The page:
Charleston’s pop-up restaurant culture is on the rise as chefs use local breweries, parking lots or area restaurants to introduce concepts at specialty dinners and events.
Several notable restaurants, including Xiao Bao Biscuit, Daps Breakfast & Imbibe and Lewis Barbecue, started as pop-ups.
This type of service only grew during the coronavirus pandemic, given the high startup costs associated with restaurant ownership, and more chefs are viewing pop-ups as viable long-term business ventures.
Unfortunately, a scroll through social media is quite often the best way to find these roving chefs.
The Post and Courier’s “Pop-Up Picks” series will give readers more access to the area’s top pop-ups, both new and established.
Charleston chef bringing vegan approach to familiar Filipino favorites Nov. 13
The Philippines is known for dishes like adobo, kare-kare, sisig and lumpia, just to name a few.
These and many other Filipino eats have one thing in common: meat. In fact, animal protein is often the base note driving layers of flavor.
That won’t be the case Nov. 13 on James Island.
In addition to her six-week class teaching the foundations of herbalism, Punsalan offers two foraging walks per month at Yahola. After attending three adventures, Cagalanan found himself drawn to the plants, herbs and vegetables he realized were right under his nose in Charleston.
“That was actually the first foraging adventure I did,” Cagalanan said. “I just loved everything about it, all the different plants that are edible that you don’t realize that it is.”
Punsalan says the Charleston area is filled with forageable plants and herbs like Florida betony (stachys floridana), wax myrtle (morella cerifera) and mulberry (morus alba), all of which will show up on the menu at the 20-seat collaborative dinner. Some of her excursions have taken place on Sullivan’s Island, but she prefers to forage close to home on James Island.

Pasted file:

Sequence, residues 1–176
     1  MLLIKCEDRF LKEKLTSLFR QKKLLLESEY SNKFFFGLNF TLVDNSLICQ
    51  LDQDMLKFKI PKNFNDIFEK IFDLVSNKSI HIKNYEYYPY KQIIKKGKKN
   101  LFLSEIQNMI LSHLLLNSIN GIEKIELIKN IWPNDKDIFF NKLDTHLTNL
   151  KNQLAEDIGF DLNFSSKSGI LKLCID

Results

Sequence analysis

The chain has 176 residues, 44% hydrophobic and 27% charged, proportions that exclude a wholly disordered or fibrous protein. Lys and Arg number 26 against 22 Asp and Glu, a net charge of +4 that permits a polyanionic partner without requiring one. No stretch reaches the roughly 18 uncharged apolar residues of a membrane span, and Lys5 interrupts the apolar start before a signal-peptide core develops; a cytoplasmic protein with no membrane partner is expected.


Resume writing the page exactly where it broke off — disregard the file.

“When it comes to foraging, you should be foraging within one or two miles of your home,” Punsalan said. “It creates the stability and empowerment, and you want to know your environment in close proximity. Foraging is creating this sustainability for yourself. It’s really great to watch people to connect through the native flora.”
On Nov. 13, Cagalanan will incorporate at least one foraged ingredient into each of his five courses. There’s a persimmon and apple salad, sushi-style eggplant with eel sauce and pineapple with chimichurri on the menu, among other options.
“I’m trying not to be just a very meat heavy chef,” Cagalanan said. “My menu shouldn’t just be focused on meat, because I also want to challenge myself.”
Punsalan plans to learn from Cagalanan, whose pop-up once occupied a stall in the Workshop food court and now roams the area. In addition to the Forage to Table evening, Cagalanan is popping up at Edmund’s Oast Brewing Co. Nov. 2, 9 and 16.
“The menu is where his expertise will come in because I’m going to learn new ways to cook with them,” she said.
While nothing is set in stone, Cagalanan does plan on doing more plant-based dinners in the future.
Tickets to his and Punsalan’s $65 meal are available online at yaholaherbalschool.com (location released after booking).